The popular leader of a formerly outlawed opposition group returned to Ethiopia on Sunday where he was greeted by a crowd of thousands after 11 years in exile, an AFP reporter witnessed.
Berhanu Nega, the leader of the former armed movement Ginbot 7, returned with scores of other senior members of the group, after reformist Prime Minister Abiy Ahmed removed the group from a list of "terrorist" organisations in July.
Speaking at a ceremony in the capital Addis Ababa, Berhanu said he had been forced to wage an armed struggle to fight for Ethiopians' rights, however recent political changes had convinced him to return to the country and conduct a peaceful campaign.
Since taking office in April, Abiy has released imprisoned dissidents and prioritised reconciling with the country's various opposition groups in a country long under the iron-fisted rule of the Ethiopian People's Revolutionary Democratic Front (EPRDF) coalition.
"We didn't return to Ethiopia in the belief that all is settled, the political reform process faces risks from those who want to sabotage it as well as those impatient with the pace of change, however we've returned with the belief that we should contribute to the reform process," said Berhanu.
One of Ginbot 7's supporters, Sileshi Bekele, told AFP he believed Berhanu was capable of transforming Ethiopian politics due to his support from the youth.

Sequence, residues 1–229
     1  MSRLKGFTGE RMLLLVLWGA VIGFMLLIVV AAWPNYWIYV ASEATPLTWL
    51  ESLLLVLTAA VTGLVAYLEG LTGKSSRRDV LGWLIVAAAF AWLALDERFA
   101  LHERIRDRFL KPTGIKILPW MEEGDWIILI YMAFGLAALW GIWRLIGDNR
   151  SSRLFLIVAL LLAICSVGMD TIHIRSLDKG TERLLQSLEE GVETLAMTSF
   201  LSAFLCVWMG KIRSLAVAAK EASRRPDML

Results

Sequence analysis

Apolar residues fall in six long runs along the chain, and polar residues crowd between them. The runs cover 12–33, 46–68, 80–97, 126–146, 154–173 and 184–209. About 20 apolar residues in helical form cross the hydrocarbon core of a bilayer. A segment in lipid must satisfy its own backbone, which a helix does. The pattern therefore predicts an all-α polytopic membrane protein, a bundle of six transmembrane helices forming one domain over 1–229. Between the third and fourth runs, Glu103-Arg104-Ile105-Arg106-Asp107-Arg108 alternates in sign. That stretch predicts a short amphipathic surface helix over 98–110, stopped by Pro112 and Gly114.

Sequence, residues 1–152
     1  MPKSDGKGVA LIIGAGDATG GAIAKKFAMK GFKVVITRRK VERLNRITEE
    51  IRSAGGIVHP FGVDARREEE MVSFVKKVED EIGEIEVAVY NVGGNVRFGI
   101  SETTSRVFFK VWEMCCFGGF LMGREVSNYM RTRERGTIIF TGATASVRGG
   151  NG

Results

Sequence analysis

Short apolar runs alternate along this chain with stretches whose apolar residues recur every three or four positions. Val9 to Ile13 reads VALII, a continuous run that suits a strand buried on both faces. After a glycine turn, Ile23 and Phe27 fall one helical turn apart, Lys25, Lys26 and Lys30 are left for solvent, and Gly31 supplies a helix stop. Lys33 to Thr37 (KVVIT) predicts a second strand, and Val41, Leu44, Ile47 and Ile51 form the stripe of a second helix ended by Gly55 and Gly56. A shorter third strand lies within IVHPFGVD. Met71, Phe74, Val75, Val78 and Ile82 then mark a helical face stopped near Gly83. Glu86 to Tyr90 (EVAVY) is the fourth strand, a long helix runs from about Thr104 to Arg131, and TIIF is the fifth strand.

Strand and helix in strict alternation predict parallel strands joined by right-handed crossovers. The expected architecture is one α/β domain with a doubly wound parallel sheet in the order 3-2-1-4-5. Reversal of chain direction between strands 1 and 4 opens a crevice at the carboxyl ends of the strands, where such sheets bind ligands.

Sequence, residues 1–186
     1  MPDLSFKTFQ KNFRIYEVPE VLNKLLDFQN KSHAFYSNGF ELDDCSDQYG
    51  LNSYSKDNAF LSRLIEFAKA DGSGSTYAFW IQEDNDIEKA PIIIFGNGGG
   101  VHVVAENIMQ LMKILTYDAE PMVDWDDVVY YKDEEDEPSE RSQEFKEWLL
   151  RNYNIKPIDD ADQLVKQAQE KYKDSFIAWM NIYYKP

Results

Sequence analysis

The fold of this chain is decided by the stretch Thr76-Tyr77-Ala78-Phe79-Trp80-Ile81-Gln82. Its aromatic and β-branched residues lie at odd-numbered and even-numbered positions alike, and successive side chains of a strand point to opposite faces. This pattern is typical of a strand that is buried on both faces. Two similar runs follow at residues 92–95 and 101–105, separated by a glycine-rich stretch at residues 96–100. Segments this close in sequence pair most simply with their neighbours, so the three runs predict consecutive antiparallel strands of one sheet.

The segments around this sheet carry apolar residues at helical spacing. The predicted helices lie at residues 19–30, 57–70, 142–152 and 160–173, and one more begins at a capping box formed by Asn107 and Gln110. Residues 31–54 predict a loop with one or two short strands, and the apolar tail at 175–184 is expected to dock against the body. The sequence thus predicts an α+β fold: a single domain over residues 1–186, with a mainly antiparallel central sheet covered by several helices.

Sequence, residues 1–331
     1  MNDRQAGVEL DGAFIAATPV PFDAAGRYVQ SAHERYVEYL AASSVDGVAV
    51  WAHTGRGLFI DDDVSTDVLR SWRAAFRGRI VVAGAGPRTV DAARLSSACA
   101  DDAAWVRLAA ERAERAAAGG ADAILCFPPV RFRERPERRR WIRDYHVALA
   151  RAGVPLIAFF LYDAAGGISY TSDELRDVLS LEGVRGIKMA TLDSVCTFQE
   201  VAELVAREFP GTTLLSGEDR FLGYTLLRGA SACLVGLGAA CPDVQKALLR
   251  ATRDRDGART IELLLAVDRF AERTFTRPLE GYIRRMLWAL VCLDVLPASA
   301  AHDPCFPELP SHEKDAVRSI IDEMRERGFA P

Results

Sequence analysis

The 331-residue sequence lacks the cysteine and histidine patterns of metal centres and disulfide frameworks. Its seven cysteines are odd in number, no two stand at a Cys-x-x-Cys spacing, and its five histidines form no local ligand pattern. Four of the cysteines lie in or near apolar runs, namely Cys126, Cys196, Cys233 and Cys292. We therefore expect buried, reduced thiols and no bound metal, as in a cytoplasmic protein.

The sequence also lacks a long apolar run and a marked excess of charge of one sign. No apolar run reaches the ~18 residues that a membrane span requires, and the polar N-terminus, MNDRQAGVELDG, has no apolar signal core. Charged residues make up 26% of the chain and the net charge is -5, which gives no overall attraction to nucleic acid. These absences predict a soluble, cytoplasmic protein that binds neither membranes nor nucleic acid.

"There is a young population which wants to see change, this youth has come out in mass to see the change, I as part of this group have come out to support the change, he said.
Ginbot 7 had been accused by authorities of armed banditry and small-scale terrorist plots.
Berhanu was elected mayor of Addis Ababa in a contentious May 2005 election, however was imprisoned before assuming office and accused of leading a civil insurrection with intent to overthrow the ruling party after accusing the EPRDF of trying to rig the results.
His party called for street action that was violently suppressed by security forces, leading to the death of around 200 people.
In the aftermath of the bloody protests Berhanu and other opposition leaders were jailed for 20 months before being released as part of a pardon agreement in July 2007.
Ever since then the party has been based in neighbouring Eritrea -- former arch-foe of Ethiopia.
As part of his reforms, Abiy has been credited with the lightning peace process between the two nations, who signed a peace pact in July, and have since re-opened embassies, trade routes and air links.
The flurry of diplomacy in the Horn of Africa has also seen Somalia establish diplomatic links with Eritrea, while Eritrea this week made moves to end a long spat with neighbouring Djibouti.
In August Abiy promised that the next election in Ethiopia in 2020 would be "free and fair" and promised a democratic transition if his party loses.